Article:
Ordinary energy users will pay dearly with higher power bills for new laws locking up coal seam gas (CSG) reserves, says AGL Energy.
AGL used the announcement of a tripling in half year profit on Wednesday to attack the NSW government's recent introduction of no-go zones for controversial CSG drilling close to housing.
It will probably lead to a write-down in the value of its NSW Camden CSG project - the expansion of which has been suspended - and Hunter Gas, which have a book value of $325 million.
East coast annual gas demand is expected to triple by 2017, causing tension with the developers of new mega liquefied natural gas (LNG) projects who want to export offshore and lift prices.
Santos has already said it is selling gas into eastern Australia at $9 per gigajoule, confirming previous analyst predictions that LNG exports would push up prices from just $3/G.
A day after what he said was a constructive meeting with NSW Premier Barry O'Farrell, AGL chief executive Michael Fraser accused the government of "cutting off your nose to spite your face".
Community anger about safety had forced the decision, which Mr Fraser says was not based on scientific evidence.
"We need to be able to address community concerns, to build community confidence while at the same time not putting in place regulations that effectively sterilises the state's resources in perpetuity," he said in a teleconference.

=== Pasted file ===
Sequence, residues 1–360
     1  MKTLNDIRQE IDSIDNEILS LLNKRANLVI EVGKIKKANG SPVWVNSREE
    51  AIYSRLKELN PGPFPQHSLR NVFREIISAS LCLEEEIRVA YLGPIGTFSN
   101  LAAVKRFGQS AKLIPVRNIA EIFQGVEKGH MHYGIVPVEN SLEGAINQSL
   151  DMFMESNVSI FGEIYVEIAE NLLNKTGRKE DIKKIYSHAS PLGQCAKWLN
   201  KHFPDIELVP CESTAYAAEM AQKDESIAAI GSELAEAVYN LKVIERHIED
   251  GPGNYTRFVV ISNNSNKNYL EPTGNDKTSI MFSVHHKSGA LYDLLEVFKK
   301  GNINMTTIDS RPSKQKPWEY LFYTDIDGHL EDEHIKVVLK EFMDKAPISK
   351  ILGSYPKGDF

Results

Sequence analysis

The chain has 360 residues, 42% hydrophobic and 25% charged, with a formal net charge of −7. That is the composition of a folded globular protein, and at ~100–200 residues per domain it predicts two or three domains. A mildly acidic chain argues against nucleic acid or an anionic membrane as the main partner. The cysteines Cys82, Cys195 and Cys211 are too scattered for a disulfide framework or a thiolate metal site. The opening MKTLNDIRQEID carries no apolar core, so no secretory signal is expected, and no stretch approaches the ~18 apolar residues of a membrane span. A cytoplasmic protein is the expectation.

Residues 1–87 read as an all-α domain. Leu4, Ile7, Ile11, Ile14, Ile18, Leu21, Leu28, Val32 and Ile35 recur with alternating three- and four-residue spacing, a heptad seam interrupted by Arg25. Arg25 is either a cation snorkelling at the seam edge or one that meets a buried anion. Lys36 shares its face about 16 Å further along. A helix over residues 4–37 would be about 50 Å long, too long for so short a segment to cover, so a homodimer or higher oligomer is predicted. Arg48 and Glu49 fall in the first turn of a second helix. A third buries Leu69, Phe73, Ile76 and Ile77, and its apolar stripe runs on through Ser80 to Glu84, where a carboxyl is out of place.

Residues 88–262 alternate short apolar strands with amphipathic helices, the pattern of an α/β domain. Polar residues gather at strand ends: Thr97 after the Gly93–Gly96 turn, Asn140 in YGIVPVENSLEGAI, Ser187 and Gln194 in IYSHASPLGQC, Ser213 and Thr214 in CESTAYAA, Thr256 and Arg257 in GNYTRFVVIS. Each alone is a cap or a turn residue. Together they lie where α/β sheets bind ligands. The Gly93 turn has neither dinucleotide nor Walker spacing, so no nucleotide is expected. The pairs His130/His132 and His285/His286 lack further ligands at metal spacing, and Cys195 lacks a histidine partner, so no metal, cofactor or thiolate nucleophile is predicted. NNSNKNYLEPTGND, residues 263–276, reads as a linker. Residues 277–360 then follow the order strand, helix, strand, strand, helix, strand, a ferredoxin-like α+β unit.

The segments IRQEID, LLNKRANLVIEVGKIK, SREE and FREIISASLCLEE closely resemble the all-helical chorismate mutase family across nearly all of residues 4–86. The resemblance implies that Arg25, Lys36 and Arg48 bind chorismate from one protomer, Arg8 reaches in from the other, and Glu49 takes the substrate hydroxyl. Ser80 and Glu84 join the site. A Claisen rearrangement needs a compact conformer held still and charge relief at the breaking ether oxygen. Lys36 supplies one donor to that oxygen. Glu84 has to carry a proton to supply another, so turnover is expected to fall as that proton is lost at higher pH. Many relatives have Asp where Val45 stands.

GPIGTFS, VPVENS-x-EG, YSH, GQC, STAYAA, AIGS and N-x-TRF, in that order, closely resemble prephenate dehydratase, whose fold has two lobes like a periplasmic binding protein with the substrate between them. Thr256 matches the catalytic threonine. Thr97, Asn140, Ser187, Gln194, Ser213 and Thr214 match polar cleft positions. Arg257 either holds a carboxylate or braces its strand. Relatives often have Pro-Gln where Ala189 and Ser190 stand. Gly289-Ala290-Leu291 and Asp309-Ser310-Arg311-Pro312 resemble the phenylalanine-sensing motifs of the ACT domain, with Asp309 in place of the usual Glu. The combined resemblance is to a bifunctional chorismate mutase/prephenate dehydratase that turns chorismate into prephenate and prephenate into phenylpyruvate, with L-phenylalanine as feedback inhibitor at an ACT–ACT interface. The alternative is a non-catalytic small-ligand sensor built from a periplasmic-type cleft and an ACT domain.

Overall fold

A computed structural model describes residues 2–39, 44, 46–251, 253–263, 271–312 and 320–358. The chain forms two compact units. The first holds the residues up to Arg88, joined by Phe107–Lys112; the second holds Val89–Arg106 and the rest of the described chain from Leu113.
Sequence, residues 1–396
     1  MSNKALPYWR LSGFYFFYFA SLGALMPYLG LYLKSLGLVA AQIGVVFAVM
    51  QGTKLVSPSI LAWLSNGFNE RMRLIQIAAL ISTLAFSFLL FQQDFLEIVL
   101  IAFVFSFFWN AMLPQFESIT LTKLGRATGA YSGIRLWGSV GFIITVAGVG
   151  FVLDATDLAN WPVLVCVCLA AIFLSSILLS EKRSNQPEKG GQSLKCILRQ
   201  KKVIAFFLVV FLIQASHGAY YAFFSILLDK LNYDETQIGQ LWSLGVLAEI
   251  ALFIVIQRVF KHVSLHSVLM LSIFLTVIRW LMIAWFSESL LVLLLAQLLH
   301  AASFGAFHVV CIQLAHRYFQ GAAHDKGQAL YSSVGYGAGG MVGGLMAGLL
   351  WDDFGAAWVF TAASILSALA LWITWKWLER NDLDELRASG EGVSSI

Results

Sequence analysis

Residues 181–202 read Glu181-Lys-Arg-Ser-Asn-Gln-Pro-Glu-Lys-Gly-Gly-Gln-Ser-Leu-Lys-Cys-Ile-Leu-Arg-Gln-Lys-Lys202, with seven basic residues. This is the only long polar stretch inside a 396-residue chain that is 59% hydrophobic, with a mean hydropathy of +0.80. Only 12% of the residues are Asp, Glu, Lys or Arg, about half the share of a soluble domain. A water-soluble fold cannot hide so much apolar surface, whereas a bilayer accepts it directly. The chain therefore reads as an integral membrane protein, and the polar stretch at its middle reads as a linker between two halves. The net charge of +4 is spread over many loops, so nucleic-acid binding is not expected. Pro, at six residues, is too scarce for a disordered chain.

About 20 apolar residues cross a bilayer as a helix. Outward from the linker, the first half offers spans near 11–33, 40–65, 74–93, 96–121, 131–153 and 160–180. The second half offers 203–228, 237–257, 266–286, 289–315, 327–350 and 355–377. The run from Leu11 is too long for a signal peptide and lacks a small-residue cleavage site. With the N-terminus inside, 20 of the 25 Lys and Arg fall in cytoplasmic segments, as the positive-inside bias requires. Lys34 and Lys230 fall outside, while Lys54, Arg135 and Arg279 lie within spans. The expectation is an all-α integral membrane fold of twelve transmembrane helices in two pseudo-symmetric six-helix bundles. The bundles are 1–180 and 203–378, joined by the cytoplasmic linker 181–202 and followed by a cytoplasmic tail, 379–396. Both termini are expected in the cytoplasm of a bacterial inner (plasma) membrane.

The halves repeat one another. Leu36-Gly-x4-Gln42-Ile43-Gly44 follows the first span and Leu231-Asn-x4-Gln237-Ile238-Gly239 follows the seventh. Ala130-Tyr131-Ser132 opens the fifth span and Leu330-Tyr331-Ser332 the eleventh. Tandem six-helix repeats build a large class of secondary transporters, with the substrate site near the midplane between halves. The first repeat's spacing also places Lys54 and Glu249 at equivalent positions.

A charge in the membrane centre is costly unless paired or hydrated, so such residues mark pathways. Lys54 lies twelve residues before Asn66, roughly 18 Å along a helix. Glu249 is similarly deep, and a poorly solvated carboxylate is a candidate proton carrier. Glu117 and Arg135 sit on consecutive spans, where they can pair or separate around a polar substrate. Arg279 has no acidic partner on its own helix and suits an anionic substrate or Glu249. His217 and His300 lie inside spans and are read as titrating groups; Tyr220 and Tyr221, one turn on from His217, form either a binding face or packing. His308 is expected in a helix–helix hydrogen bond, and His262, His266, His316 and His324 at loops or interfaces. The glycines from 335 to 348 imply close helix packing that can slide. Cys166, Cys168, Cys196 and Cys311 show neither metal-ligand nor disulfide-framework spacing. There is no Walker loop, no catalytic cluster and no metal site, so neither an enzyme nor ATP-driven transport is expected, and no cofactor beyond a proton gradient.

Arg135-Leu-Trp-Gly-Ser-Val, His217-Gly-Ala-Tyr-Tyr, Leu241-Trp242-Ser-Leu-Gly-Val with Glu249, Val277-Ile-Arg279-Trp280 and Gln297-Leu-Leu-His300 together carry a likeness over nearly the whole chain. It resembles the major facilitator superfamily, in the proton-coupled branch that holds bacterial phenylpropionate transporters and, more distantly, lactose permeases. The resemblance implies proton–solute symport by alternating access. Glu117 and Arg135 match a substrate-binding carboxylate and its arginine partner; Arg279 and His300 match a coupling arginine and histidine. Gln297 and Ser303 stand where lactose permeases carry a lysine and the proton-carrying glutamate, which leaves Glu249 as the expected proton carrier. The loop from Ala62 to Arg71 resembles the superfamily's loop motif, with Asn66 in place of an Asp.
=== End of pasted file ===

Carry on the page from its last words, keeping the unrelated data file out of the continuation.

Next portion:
Mr Fraser said while he did not support the calls to reserve gas for Australian companies, he sympathised and warned NSW's economy would be seen as a sovereign risk.
AGL was already involved in legal disputes costing millions of dollars with gas suppliers wanting to lift prices, he said.
AGL, Australia's second largest energy retailer, impressed the market with a tripling in half-year net profit to $365 million, driven by its acquisition of Loy Yang A, Australia's third largest coal fired power station.
Underlying profit was $279.4 million, up 20 per cent.
Its shares shot up 68 cents, or 4.5 per cent, to $15.87.
Morningstar analyst Gareth James said he was impressed that AGL had increased its number of retail customers when rivals Origin Energy and Energy Australia had lost them.
The company's energy generation - selling power wholesale into the national grid - contributed earnings before interest and tax of $575 million, compared to $136 million in retail EBIT.
It has forecast full year underlying profit of $590-$640 million, constrained by pricing regulation and low demand for electricity.
The company increased its fully-franked dividend to 30 cents a share, from 29 cents.